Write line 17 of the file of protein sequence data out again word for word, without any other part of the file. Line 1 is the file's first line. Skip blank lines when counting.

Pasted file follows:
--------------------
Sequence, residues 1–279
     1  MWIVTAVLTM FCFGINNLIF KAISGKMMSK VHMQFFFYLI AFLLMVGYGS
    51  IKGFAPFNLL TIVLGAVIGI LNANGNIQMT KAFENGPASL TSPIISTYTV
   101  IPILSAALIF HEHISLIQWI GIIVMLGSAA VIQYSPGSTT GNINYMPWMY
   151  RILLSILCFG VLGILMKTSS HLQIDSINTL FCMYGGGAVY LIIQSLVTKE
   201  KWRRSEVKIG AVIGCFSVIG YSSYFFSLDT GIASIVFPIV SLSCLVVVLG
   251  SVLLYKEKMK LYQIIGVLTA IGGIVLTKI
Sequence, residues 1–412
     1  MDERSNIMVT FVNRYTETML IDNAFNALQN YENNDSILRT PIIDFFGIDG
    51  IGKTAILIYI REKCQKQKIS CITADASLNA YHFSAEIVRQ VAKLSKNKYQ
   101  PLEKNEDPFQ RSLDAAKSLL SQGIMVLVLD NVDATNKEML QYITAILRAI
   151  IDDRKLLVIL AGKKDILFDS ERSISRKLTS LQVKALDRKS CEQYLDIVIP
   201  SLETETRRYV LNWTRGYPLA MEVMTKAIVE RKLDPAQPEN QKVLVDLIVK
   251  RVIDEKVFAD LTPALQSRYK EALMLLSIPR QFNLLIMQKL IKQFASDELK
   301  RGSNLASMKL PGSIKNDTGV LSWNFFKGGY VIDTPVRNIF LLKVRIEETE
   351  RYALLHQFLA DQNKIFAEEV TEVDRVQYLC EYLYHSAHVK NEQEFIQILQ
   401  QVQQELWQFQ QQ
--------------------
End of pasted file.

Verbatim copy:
   401  QVQQELWQFQ QQ